“He may have been a man in terms of years though he was still a kid at heart,” the Rev. John Tallman said. “He showed us how to live life in an honorable way.”

Fisher enlisted after the Sept. 11, 2001, terrorist attacks, knowing what kind of responsibility that was, Tallman said. “He knew we’d be going to war.”

His father is a police officer and his mother works in the circulation department of the Albany Times Union. About 50 police officers, and as many soldiers, attended the funeral.

— Associated Press


Army IDs cause of soldier’s death in Iraq

ALBANY, N.Y. — A New York National Guardsman killed in Iraq in December died when the driver of the Humvee he was riding in lost control of the vehicle during a high-speed defensive maneuver, Army officials said.

The move, designed to avoid explosive devices hung by insurgents on fishing line from overpasses, has now been revised after the death of Sgt. David Fisher of Watervliet.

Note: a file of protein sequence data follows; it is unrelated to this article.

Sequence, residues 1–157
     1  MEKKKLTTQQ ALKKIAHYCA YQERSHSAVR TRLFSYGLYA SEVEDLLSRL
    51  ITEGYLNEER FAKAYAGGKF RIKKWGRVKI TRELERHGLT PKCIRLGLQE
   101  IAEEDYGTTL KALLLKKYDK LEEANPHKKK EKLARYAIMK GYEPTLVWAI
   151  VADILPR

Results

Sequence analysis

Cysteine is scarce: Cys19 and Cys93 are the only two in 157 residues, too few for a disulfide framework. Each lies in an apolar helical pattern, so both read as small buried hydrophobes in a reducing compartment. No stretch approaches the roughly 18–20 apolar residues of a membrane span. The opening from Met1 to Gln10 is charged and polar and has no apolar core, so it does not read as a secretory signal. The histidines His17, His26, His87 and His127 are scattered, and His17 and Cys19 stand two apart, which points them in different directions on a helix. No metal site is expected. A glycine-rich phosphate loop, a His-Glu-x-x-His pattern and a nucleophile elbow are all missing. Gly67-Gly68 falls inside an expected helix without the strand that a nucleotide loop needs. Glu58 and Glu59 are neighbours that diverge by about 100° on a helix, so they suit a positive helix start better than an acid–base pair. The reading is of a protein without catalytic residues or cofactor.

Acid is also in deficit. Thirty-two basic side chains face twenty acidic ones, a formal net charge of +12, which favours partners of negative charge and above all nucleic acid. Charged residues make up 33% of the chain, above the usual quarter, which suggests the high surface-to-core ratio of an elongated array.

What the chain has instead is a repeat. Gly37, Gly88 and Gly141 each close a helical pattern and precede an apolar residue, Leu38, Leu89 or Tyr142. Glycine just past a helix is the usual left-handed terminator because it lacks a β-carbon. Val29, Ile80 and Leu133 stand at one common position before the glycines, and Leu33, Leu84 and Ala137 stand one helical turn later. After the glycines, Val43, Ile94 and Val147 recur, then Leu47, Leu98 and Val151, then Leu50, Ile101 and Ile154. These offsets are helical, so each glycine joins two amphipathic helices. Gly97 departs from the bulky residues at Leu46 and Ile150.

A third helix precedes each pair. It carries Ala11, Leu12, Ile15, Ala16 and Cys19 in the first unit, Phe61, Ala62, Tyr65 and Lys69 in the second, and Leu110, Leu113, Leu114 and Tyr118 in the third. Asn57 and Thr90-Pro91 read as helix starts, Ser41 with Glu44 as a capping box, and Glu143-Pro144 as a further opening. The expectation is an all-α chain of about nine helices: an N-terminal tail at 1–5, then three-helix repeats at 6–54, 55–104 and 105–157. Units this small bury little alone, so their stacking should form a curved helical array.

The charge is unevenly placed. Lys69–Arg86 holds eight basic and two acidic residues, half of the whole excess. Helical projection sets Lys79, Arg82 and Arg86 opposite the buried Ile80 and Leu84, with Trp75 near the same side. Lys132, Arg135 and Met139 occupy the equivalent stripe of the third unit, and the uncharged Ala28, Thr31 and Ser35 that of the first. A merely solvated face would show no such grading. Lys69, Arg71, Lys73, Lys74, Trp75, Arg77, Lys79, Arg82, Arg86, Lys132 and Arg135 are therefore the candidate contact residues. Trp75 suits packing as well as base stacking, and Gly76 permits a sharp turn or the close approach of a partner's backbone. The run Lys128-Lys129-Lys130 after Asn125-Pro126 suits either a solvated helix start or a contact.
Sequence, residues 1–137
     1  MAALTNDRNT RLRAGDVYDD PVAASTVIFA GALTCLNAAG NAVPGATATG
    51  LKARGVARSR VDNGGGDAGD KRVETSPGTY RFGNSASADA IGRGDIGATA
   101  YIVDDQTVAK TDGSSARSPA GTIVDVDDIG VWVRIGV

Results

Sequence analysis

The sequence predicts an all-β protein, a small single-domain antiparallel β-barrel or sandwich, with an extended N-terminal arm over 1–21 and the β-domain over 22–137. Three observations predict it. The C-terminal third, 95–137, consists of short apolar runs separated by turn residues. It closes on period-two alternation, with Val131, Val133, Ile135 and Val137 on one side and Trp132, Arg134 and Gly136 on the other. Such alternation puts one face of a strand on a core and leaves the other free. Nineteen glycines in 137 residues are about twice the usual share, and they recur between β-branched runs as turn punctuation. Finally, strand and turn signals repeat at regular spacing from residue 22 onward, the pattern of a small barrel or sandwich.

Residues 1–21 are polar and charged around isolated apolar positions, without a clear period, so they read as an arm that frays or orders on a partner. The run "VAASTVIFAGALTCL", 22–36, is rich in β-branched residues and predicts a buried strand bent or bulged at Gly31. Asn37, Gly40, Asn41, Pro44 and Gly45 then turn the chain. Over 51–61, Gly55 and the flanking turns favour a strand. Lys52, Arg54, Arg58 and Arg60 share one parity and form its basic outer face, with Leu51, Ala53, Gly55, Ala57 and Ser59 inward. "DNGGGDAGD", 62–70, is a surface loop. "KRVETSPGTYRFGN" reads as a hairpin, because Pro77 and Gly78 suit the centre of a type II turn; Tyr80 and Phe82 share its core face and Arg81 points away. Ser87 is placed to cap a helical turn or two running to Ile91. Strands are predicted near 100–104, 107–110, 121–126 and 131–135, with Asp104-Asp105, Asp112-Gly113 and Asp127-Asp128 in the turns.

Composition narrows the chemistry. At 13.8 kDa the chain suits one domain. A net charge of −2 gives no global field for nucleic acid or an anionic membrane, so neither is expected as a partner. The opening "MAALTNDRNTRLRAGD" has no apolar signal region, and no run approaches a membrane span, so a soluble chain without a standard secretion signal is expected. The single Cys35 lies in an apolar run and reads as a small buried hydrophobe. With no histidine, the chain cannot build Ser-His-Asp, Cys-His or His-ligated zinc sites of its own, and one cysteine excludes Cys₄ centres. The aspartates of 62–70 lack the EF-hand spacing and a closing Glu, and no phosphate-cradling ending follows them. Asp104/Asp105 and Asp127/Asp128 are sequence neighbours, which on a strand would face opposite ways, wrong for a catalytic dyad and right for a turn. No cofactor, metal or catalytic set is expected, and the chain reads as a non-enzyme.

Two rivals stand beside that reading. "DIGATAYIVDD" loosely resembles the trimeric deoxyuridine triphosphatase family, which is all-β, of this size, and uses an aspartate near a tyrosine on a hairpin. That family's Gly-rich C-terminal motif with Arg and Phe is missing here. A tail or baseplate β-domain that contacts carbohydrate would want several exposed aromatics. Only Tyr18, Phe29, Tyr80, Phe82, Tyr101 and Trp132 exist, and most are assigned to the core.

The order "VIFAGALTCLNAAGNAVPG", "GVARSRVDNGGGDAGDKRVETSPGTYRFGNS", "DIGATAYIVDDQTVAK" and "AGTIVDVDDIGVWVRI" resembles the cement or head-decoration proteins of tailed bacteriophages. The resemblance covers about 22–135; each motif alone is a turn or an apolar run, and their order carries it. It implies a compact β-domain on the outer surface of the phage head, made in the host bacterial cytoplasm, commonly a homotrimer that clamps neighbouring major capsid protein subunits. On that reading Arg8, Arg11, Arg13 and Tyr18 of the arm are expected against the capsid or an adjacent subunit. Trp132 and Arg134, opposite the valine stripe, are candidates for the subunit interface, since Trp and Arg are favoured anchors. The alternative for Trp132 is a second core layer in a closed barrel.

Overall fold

Army officials released the findings surrounding Fisher’s death in a report given to the Guardsman’s family during a meeting at suburban Albany hotel Wednesday, according to the Times Union of Albany.

Fisher’s family had been pressing the Pentagon for details of the crash, the newspaper said.

“We waited six months for this and there is no closure,” said Fisher’s mother, Victoria DiMura. “They couldn’t answer our important questions.”

The family was seeking answers regarding the maintenance records of the Humvee and the safety record of the driver. The family’s questions surfaced after DiMura spoke with her son’s roommate in Iraq, who told her other soldiers were uncomfortable with the driver, whose name has not been released.

Col. Roy Tario, commander of the 3rd Brigade of the National Guard’s 42nd Infantry Rainbow Division, said the Army had no indication there were concerns about the driver or his record. Tario led Wednesday’s meeting.

Fisher — a gunner assigned to the 42nd’s 1st battalion, 101st Cavalry Regiment — was in Iraq about one month before he was killed Dec. 1.

“We aren’t trying to attack the driver,” said Fisher’s grandfather, Vincent DiMura. “He was a young kid and he feels bad enough already. But he was taking it too fast.”